Setting: This article focuses on an analysis of the integrated reporting of the top 100 entities listed on JSE for the financial years ending in 2013, 2014 and 2015.
Methods: Comparison of categorical variables, mixed-model repeated measures ANOVA and generalised estimating equations were applied to identify the best classificators to distinguish between excellent integrated reporting and those reports where progress could still be made.
Results: The results show that the type of industry the entity finds itself in, the size and profitability of the entity, as well as the composition of the members of the board, have an effect on the quality of the integrated report.
Conclusion: Our results indicated that the type of industry, size of an entity, the profitability and composition of the board of directors, all have an effect on the quality of the integrated reporting. Our evidence will assist current and prospective stakeholders in evaluating the expected quality of an entity’s integrated report, through the evaluation of certain firm characteristics.
Efficiency of international cooperation schemata in African countries : a comparative analysis using a data envelopment analysis approachSource: South African Journal of Economic and Management Sciences 20, pp 1 –13 (2017) http://dx.doi.org/10.4102/sajems.v20i1.1401More Less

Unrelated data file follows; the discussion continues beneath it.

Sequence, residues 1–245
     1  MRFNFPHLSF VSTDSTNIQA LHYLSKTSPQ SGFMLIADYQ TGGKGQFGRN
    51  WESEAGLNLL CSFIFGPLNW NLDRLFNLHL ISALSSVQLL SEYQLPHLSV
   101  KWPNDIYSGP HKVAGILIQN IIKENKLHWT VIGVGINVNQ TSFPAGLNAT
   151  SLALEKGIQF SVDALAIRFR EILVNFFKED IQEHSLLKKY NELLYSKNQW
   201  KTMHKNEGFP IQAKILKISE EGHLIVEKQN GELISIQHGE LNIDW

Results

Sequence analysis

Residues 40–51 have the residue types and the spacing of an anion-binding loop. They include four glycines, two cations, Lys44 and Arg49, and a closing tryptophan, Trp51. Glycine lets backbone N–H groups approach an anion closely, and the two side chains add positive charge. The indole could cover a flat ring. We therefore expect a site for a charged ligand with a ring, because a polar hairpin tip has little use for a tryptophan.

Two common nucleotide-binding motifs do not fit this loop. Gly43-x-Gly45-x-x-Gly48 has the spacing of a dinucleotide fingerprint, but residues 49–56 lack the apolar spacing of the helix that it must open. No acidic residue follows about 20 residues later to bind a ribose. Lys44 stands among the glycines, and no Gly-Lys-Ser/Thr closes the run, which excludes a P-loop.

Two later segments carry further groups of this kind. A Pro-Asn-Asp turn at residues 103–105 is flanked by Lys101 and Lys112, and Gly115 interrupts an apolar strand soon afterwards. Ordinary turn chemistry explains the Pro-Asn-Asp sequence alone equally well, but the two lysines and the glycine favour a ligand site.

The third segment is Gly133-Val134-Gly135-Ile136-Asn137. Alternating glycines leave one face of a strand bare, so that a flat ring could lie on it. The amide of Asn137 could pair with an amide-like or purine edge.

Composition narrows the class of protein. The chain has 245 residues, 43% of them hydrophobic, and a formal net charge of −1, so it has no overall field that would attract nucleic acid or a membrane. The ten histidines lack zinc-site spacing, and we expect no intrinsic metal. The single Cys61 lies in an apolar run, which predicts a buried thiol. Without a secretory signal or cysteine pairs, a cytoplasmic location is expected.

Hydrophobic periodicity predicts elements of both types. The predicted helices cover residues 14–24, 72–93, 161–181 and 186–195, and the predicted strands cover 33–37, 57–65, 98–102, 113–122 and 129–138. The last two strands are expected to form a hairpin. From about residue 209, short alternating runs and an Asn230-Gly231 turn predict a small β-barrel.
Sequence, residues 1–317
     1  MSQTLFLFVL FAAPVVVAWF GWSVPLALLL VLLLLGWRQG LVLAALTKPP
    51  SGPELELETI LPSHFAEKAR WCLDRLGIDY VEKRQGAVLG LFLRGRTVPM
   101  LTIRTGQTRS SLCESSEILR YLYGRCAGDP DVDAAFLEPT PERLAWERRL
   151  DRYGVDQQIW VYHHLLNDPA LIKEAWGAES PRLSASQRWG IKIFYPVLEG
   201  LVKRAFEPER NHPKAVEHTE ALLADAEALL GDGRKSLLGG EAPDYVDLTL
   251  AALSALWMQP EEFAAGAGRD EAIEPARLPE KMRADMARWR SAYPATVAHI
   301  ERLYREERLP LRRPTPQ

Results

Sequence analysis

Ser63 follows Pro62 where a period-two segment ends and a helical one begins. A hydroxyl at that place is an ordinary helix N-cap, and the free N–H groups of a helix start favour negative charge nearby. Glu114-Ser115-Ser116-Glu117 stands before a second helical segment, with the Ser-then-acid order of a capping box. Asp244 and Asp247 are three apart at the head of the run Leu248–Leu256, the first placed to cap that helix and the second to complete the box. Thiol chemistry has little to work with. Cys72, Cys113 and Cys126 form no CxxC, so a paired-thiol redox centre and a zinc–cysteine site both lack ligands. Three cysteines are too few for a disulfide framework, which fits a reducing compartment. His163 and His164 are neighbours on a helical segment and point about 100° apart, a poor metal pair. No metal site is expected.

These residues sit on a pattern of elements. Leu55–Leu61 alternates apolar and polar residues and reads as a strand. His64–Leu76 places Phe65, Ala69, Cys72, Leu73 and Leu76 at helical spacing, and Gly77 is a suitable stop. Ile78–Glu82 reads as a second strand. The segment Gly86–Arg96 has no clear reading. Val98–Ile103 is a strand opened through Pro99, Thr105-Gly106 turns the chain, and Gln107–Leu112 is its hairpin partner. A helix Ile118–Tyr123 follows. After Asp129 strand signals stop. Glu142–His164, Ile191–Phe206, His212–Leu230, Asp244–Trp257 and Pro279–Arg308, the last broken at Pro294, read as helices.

Background: Efficiency measurement by means of data envelopment analysis (DEA) in the non-profit sector has focused on the so-called Stage I of non-profit organisations, namely, fundraising efforts (which are the most influential determinants of raising funds in order to increase the amount of contributions). However, for the so-called Stage II of non-profit organisations, namely, spending the achieved resources to program services delivery, DEA studies are very scarce. In attempting to address this research gap and to the best of our knowledge, this investigation is the first study that applies DEA to the assessment of international cooperation schemata. Consequently, we offer a significant contribution to the literature by overcoming the limitations of other techniques used to assess the efficiency and providing new insight into the efficiency of targeted different international cooperation schemata (ICS) in international cooperation development projects.
Aim: The purpose of this study is to evaluate and compare the efficiency of the ICS of developmental projects funded by the Spanish Agency for International Cooperation for Development.
Setting: Our setting is composed of different international cooperation projects funded with different schemata by the Spanish Agency for International Cooperation for Development between 2002 and 2006 in two African countries that are top priority targets of Spanish international aid: Morocco, and Mozambique.
Methods: Using a sample of 48 international cooperation projects carried out in two African countries considered priorities in the Spanish Cooperation Master The findings suggest that some schemata are more efficient than others when applied to international cooperation projects (ICS). Specifically, we find that permanent open-call subsidies are more efficient than non-governmental development organisation subsidies.
Conclusion: Measures for evaluating international aid projects with respect to efficiency are problematic. The DEA method provides an ex-post meausure of efficiency that allows for the measurement in a specific and objetive way of the results achieved by each project and to propose corrective actions for the future. The comparison among ICS provides an opportunity to identify the conditions under which an ICs may achieve greater efficiency.